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Improving the sustainability of phosphorus use in arable farming – ‘Targeted P’

Project Report No. 569

Improving the sustainability of phosphorus use in arable farming – ‘Targeted P’

by

Roger Sylvester-Bradley1, Paul Withers2, Alison Rollett3, Pete Talboys2, Robin Walker4, Tony Edwards4, Sevil Payvandi5, James Heppell5, Tiina Roose5 & Davey Jones2

1 ADAS Boxworth, Battlegate Road, Boxworth, Cambridgeshire, CB23 4NN
2 Bangor University, College Road, Bangor LL57 2DG
3 ADAS Gleadthorpe, Meden Vale, Mansfield, NG20 9PD
4 SRUC Aberdeen Campus, Craibstone Estate, Aberdeen AB21 9YA
5 University of Southampton, Highfield, Southampton SO17 1BJ

 

Abstract

A collaborative project conducted from 2010 to 2015 involved 17 partners from government, industry and academia. It explored technologies to support a more efficient and sustainable strategy for phosphorus (P) use on UK arable land, dubbed ‘feed the crop, not the soil’.  Through (i) a review, (ii) experiments on crop performance and P run-off, both in pots and the field, and (iii) modelling, the project explored how the farming industry might make the transition to this new approach.

Fifty years ago the current strategy for P use (as set out in the Fertiliser Manual, RB209; Defra, 2010) replaced an even less efficient one of relying entirely on fresh P fertilisers to support crop production.  Soil tests for available P (STP) were then introduced so that fertiliser applications could be adjusted according to the estimated P supplying capacity of each soil.  However, this ‘soil P storage’ approach is now becoming increasingly costly, amid concerns over finite and affordable global phosphate supplies.  Also, the now-large reserves of P in most UK soils have become a significant cause of inland and coastal eutrophication, so threatening the achievement of good ecological status under the EU Water Framework Directive.

Two field studies, and a meta-analysis of published data, showed direct positive relationships between soil P (by Olsen’s method) and dissolved P in surface runoff and drain-flow; these indicated that reducing STP from 25 to 10 mg kg‑1 could help substantially in achieving the challenging target concentrations set for P in UK water bodies under the Water Framework Directive.  Along with environmental benefits, large economic savings could also be made if the 80% of UK arable land now at P Index 2 (or more) were run down to P Index 1.  However, reducing soil P levels will be incompatible with enhancing crop yield levels until (i) fertiliser P efficiencies can be markedly improved, and (ii) crop P sufficiency can be monitored more certainly than just with STP.

Ten field experiments on English or Scottish sites with low STP showed crop capture of soil-derived P to average 80% of estimated crop requirements (range: 42% to >100%) with no fertiliser applied.  However, crop responses to fresh triple superphosphate (TSP) broadcast and incorporated in the seedbed were generally very small, as judged by the difference method, with extra P in the initial crop averaging only 4% of the P applied.  The best way of enhancing initial recovery of fertiliser P was to use struvite (with slower P release than TSP) and place it close to the seed, but best initial recoveries of P were still less than 10%.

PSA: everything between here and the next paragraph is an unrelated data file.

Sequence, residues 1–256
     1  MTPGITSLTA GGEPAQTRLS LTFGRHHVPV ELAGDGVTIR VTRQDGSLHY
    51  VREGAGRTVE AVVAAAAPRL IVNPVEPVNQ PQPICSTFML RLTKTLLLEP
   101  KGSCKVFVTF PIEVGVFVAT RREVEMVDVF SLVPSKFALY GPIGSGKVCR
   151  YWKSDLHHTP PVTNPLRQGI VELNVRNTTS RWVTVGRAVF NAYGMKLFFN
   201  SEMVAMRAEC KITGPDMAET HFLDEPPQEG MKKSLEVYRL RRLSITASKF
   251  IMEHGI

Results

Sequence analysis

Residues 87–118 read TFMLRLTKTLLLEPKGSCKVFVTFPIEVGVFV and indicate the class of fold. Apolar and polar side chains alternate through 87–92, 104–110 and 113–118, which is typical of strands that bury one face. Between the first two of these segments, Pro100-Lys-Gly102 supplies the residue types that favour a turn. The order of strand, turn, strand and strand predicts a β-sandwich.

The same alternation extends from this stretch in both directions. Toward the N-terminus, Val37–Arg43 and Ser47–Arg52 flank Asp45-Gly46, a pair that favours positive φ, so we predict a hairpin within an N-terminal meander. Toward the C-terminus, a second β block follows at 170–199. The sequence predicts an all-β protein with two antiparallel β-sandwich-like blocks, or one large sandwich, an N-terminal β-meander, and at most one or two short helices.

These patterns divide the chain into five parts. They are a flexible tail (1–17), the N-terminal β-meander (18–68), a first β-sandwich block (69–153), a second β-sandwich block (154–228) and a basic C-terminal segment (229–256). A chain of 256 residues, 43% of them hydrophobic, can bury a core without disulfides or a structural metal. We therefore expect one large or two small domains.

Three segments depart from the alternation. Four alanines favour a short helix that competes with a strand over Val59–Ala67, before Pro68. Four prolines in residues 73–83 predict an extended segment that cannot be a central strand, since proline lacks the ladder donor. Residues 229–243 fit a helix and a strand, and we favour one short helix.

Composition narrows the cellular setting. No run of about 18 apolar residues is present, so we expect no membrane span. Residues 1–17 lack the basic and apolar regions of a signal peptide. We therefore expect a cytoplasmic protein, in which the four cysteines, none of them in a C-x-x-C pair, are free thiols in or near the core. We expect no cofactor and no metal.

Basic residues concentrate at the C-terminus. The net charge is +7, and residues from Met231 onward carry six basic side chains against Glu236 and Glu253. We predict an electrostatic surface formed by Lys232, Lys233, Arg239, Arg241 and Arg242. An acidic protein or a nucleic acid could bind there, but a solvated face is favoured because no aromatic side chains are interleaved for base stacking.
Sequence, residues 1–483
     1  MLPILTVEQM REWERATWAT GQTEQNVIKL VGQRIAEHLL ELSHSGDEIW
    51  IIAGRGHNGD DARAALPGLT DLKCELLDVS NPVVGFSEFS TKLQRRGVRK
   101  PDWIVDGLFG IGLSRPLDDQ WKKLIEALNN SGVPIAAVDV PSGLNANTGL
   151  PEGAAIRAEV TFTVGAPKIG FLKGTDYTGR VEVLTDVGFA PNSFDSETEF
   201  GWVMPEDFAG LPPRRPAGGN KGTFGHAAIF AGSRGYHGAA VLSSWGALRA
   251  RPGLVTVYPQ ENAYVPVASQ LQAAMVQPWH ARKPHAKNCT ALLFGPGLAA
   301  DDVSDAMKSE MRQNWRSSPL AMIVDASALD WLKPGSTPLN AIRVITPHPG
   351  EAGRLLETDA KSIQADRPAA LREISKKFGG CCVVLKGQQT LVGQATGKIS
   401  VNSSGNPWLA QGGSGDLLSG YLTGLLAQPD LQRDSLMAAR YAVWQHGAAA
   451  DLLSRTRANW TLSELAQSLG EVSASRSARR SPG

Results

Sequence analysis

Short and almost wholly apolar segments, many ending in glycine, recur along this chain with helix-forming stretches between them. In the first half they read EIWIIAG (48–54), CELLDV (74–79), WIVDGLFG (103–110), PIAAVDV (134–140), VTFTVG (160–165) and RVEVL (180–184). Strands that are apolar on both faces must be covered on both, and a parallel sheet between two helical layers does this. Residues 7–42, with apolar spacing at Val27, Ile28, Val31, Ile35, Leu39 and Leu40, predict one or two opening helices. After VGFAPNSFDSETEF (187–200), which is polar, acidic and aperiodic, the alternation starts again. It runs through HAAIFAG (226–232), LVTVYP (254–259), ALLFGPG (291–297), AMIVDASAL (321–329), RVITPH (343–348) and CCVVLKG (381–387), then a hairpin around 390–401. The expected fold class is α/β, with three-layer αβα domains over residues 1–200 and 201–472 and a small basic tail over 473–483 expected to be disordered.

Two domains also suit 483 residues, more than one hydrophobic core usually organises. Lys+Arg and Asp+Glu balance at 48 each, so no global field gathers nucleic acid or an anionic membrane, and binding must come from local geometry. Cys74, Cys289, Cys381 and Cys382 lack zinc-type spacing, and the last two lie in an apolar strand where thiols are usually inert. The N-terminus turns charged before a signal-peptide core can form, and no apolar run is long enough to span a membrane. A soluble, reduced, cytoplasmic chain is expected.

Experiments in pots showed the potential of P seed dressings and/or foliar sprays to supply P directly to crop plants, as well as the potential of struvite granules to act as a slow-release P fertiliser.  However, two further field experiments at Ropsley (Lincs.), where soils ranged from P Index 0, failed to detect any positive responses to small amounts of seed-dressed P or foliar P, even though crops responded by ~2 t ha‑1 grain as soil P increased to Index 2.  The exact fates and mechanisms of seed-dressed and leaf-applied P now need to be investigated in the field.

A new mathematical model, devised to simulate P transfers between fertiliser, soil, root and shoot, and crop yield effects, demonstrated high sensitivity of outcomes to the P buffering capacity (= fixation capacity) of the soil.  However, disappointingly, AVAIL®-treatment of TSP to reduce soil fixation of added P, showed no consistent benefits either in pots or in the field.

It is concluded that the current strategy for P use (of ‘feeding the soil to feed the crop’) should be maintained for the time being, but that strong environmental imperatives should drive further intensive research into ‘feeding the crop, not the soil’, and a transition to this new strategy should be planned.  Four ‘P run-down sites’ were established for this purpose.  STP monitoring of these sites over 5-6 seasons demonstrated scope for arable farms to exploit soil-stored P whilst testing for more efficient P nutrition approaches, but uncertainties in determination and interpretation of STP were also shown.  It is recommended that industry initiatives to improve P fertilising efficiencies should be monitored through careful routine use of STP, augmented by additional routine analysis of crop P.  Critical P contents of harvested biomass (e.g. grain) are proposed to support researchers and farmers in their quest for new practices and products that will improve the sustainability of P use in future arable farming.

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